Best Apple Mac OS X Software: Part One - InformationWeek
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Best Apple Mac OS X Software: Part One

Our Apple expert John C. Welch picks 22 lesser-known applications that can make your Mac experience more productive and more fun. Part 1 of 2.

iChat AV
from Apple

Yes, I know, chat is supposedly the realm of kids and teens, and if IT does deign to use it, then you have to use MSN/Windows Messenger/Windows Live Messenger/Whatever Microsoft is calling it this week. Well, nuts to that. For any number of reasons, I run my network from a Macbook, and while I know the Mac BU puts a lot of work into the Mac version of Microsoft Messenger, it's really quite useless for me. For one, there's no A/V, (and yes, they did publish the reason for it up on Mac Mojo, and I think their logic for waiting on the AV features is sound. However, that doesn't change the fact that those are features I need, and none of them are in Microsoft Messenger. Secondly, and more important, everyone I need to IM with work-related matters isn't on Microsoft Messenger, they're all on iChat/AIM. So I could use Microsoft Messenger, but it would be of no use. (OK, yes, LCS, but I'm not going to pay that kind of tax just to get Microsoft Messenger to talk to AIM. Please.)

iChat also is scriptable, in a useful way. Microsoft Messenger has a scripting dictionary, but it's useless. Scripting is important to my work needs, because I eventually script, well, everything I use in some way or another.

The heart of it is, iChat is dead simple to use, and it just works. It talks to Sync Services, so keeping my buddy list straight is easy. It's dead simple to move files with it. It supports Jabber, so I can use it with Google Chat, or any one of dozens of services based on Jabber. The Bonjour abilities make using it in ad-hoc situations to shoot files around far easier than e-mail, and without the restrictions of 99% of e-mail servers. iChat has had no spam problems for me. None. Zero. Zip. So right there, it's automatically got a better S/N ratio than any e-mail service. Thanks to AIM's "forward to cell" service, I can respond to IM's on my phone if I wish as text messages.

The ease of chat/voice/video conferencing makes it a much nicer tool than e-mail or phones for getting multiple people to talk to each other, which makes for rather nice, low-overhead conference calls. My work-related chat usage has been climbing steadily for years, and iChat's just made that process easier. I could use something else, but why?

from Apple

(click image for larger view)

The AppleScript scripting language gives you access not just to Mac OS X, but also to applications on the Mac.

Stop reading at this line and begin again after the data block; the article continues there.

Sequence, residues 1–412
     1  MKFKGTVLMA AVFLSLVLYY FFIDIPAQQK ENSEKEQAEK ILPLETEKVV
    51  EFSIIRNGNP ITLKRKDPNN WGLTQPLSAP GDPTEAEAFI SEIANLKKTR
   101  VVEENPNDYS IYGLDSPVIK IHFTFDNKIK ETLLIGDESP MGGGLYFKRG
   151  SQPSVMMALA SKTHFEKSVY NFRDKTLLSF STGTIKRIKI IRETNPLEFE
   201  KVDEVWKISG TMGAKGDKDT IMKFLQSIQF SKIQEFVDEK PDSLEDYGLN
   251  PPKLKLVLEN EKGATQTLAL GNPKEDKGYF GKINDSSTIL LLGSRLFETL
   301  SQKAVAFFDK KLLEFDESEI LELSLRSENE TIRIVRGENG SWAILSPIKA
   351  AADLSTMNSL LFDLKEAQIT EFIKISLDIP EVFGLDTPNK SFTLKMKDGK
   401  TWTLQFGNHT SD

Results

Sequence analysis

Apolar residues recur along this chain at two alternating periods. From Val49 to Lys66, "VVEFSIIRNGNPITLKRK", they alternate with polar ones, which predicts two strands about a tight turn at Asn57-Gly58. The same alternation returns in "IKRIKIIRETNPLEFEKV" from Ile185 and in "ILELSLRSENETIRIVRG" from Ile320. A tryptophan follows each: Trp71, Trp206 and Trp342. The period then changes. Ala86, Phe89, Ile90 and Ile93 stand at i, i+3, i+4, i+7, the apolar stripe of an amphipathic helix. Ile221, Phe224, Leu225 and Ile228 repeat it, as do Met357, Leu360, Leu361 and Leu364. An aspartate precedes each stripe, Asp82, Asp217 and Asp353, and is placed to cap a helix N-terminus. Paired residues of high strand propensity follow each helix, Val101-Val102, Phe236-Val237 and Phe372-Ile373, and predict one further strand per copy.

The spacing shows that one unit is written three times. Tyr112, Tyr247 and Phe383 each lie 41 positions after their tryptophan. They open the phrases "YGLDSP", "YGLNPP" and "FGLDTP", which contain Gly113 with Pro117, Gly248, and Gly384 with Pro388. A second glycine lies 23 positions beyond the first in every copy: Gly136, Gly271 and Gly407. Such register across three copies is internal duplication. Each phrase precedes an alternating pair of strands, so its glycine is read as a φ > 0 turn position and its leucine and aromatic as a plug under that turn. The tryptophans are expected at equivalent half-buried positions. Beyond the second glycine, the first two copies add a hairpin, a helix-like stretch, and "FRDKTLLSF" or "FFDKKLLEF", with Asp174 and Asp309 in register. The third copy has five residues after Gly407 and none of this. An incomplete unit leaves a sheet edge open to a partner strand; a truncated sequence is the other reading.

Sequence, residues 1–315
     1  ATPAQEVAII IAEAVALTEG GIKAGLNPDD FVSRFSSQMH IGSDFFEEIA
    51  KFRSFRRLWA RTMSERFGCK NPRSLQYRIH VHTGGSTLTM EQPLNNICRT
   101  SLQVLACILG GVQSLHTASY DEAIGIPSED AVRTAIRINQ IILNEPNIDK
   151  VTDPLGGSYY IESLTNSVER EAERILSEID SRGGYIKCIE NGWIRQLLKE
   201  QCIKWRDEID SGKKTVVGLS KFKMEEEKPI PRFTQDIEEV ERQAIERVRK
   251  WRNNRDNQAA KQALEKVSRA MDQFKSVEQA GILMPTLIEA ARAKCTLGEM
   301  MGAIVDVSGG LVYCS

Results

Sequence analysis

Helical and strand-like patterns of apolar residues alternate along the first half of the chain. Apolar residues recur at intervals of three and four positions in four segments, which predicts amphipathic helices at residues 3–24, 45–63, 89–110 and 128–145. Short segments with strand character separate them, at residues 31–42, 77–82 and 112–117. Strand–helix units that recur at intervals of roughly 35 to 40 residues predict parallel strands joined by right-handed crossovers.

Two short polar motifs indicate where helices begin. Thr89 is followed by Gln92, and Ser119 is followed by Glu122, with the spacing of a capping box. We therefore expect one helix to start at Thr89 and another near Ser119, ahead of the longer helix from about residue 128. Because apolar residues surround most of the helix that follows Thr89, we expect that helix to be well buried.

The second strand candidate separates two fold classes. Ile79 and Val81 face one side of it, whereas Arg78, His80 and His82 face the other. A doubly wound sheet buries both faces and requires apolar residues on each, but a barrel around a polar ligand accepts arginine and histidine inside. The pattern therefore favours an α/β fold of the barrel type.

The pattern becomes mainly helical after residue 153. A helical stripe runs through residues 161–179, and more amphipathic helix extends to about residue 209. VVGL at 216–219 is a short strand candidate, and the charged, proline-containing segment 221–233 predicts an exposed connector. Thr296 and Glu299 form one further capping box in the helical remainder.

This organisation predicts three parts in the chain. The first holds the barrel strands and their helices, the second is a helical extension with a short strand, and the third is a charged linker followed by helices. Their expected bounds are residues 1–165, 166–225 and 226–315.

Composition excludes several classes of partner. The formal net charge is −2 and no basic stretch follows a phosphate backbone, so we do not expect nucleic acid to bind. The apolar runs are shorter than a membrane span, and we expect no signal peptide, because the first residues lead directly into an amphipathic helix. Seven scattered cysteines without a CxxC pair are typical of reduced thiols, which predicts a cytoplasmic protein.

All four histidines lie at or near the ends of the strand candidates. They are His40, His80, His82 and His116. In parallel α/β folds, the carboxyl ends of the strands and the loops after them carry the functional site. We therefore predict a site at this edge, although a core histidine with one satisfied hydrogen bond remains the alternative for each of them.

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Long considered a hidden jewel in Apple's crown, AppleScript is enjoying yet another renaissance thanks to Automator, a rather nice GUI drag and drop UI for automation languages. While you can create Automator actions in many languages, AppleScript is the one that gives you the most access to not just Mac OS X, but also the applications on the Mac. AppleScript also is, as you delve into the community, kind of a schizophrenic issue for Apple. It has yet to ever give AppleScript the same kind of public support it's given Cocoa or other technologies, yet it's no lie or even exaggeration that the workflows created in AppleScript have saved Apple's bacon in many companies on multiple occasions.

I've seen, and helped write, serious, real-world scripts and applications in AppleScript that do serious, real-world work, along with thousands of others, yet AppleScript is truly the Rodney Dangerfield of programming. It gets no respect, probably because it breaks so many rules. It doesn't have a C-like syntax. It doesn't even have a BASIC-like syntax. In fact, you'd be hard pressed to find many languages that AppleScript does represent. It's not consistent. Keywords and constants can change depending on what you're doing. You can have AppleScript additions, aka OSAX, that add different features and change the language even more. (Lots of languages have add-ons, but they tend not to change the language itself.)

Part of the problem is that, as a standalone programming language, AppleScript just isn't that powerful. Where it shines is as a glue between applications. The idea of AppleScript is to take all these different applications you have on your Mac and tie them all together. If you have BBEdit, why would you need to have an extensive text handling library? If you have a scriptable e-mail client, why does AppleScript need to give you e-mail support?

I dislike language wars intensely, mostly because I have the opinion, shared by few, that any language that still requires typing shows the essential failure of the computer industry to pry programming out of the hands of geeks. However, that prejudice aside, I love AppleScript. It is one of the tools I use so often that I cannot imagine working on a platform without it. I've used it to script almost every task I have to do more than once in a while, for everything from translating e-mails to blog posts, to software updates via Apple Remote Desktop, to configuration changes to creating structured PDFs from Microsoft Entourage e-mails to...well, it's just my problem-solving tool of choice, because it lets me use all the tools at my disposal, not just the ones it happens to provide me.

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